thank you so much for your informative post, as always. excellent info. and thanks for mentioning my Writing Life blog. i do have a sharing button. it comes up on the Reader and also at the end of my posts. i often have a ‘read more’ option on the post and the Share button is at the end of the post. takes an extra click and some scrolling to find. yes, like you, i find it quicker to Like and Comment from the Reader. as a new blogger, i have felt nervous about trying out the Share button on other people’s posts, but will do so now. Libby

    • DrEMiller says:

      Hi, Libby. It’s possible that the problem is with my software, but I see sharing options only on pages that aren’t associated with your posts. For example, I can share your contact page, but not your posts. Go figure. I thought maybe it was just on my iPad, but I wasn’t seeing those options on my laptop today, either. Your posts are really great, and I get frustrated when I can’t re-blog them from my iPad.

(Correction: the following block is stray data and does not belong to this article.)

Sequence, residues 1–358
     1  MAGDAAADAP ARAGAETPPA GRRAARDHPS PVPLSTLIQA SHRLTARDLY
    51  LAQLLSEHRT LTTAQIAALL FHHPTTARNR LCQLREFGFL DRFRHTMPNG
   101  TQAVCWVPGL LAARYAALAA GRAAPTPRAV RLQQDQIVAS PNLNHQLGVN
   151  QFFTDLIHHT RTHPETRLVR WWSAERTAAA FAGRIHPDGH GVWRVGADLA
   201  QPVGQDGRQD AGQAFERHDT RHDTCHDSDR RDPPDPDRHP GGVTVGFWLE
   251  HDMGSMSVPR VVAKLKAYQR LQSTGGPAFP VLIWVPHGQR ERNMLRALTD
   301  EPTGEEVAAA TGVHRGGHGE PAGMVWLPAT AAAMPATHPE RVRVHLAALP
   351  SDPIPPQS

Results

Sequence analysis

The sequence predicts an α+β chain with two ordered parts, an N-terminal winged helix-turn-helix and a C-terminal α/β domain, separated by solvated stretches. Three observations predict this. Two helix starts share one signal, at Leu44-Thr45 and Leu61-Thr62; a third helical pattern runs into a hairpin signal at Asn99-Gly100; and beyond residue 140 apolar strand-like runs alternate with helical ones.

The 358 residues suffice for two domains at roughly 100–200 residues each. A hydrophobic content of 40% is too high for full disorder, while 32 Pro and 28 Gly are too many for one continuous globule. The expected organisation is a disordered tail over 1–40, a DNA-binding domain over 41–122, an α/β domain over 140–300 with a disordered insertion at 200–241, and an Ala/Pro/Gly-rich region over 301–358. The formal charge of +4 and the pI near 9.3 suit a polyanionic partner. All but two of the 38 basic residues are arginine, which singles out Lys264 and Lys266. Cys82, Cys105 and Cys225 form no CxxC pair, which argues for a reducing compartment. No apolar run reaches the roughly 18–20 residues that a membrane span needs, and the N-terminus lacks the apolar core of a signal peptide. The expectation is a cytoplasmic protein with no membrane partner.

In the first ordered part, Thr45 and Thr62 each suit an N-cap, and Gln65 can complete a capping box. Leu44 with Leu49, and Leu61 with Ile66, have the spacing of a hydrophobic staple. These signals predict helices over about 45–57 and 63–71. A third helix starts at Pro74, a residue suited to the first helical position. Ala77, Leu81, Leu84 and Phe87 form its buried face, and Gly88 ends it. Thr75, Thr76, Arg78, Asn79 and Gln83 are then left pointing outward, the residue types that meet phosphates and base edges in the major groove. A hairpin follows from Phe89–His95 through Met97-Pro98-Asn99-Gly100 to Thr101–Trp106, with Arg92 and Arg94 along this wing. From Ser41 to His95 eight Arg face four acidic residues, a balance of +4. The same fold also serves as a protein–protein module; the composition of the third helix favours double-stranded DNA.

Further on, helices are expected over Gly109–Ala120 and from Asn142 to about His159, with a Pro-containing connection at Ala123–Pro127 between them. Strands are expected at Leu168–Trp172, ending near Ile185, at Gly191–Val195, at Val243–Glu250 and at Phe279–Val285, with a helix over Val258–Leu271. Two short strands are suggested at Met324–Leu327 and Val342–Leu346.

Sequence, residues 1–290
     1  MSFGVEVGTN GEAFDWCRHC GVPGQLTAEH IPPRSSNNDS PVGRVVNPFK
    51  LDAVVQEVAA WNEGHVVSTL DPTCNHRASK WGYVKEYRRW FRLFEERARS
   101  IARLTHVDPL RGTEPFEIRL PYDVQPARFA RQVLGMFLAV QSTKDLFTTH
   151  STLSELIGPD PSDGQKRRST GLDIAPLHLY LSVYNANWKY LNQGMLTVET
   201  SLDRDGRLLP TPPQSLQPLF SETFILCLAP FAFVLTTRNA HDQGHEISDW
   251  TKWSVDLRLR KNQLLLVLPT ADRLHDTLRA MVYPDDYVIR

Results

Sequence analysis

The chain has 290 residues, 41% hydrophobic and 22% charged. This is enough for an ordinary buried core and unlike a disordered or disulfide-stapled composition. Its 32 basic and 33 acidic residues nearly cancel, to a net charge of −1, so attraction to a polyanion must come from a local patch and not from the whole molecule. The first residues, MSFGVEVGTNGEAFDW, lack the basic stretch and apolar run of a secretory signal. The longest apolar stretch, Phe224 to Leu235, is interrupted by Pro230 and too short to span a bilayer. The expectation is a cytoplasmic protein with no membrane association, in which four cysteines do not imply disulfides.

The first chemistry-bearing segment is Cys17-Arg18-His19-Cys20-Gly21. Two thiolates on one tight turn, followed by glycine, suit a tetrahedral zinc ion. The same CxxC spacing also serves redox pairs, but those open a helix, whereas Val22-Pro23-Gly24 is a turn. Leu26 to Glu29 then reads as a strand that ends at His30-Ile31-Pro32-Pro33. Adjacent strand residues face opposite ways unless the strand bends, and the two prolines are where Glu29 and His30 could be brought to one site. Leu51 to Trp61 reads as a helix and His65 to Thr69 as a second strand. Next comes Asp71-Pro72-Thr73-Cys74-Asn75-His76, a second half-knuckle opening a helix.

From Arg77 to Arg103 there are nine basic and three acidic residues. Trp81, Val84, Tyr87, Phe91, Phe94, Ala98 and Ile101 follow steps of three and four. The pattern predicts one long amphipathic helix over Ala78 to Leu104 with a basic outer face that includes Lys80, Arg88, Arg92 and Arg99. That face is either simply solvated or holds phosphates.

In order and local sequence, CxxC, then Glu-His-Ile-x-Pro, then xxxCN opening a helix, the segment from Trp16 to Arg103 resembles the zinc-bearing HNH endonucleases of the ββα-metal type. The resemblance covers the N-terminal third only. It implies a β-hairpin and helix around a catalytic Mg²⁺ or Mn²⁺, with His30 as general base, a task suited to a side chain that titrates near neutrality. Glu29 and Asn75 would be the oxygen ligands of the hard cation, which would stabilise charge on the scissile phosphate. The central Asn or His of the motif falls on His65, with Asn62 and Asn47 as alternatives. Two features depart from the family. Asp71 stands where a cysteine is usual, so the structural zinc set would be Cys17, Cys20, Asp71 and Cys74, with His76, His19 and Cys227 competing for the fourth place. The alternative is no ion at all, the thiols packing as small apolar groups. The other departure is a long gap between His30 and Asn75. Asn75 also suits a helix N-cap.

Not all functions are available to me on the iPad, but some of that might be as much a function of my location as device interfaces. I live in a small, formerly Dutch island country in the Caribbean, and there seem to be several restrictions put on us that are not in place for other countries.
      I’m glad others can see the sharing options, though!
      The same goes for posts on Don’s page. Some things I can share; others I can’t. And there is no consistency, such as the option not being available for Reader listings but only from the blog site, or only non-re-blogged posts can be re-blogged. I can like his posts on Reader, though, but I can’t for your site. I will figure it out as I investigate sharing options, I hope. Thanks for letting me know about your sharing options, though. I don’t know why I am not seeing them. Now I need to figure out if the same sharing and liking inconsistencies are on all my devices or just certain ones.

    • DrEMiller says:

      I had to laugh–
      After our comments exchange, I re-visited your site. Earlier today, and for the past several days, I could neither like nor share your posts, although I was able to like at some point earlier. This evening, I found I can do both. Hooray!

      • Libby Sommer says:

        it’s all so odd. i just sent you a comment about other inconsistencies on WordPress. and, now, suddenly you have appeared again when i click my little bell. hooray.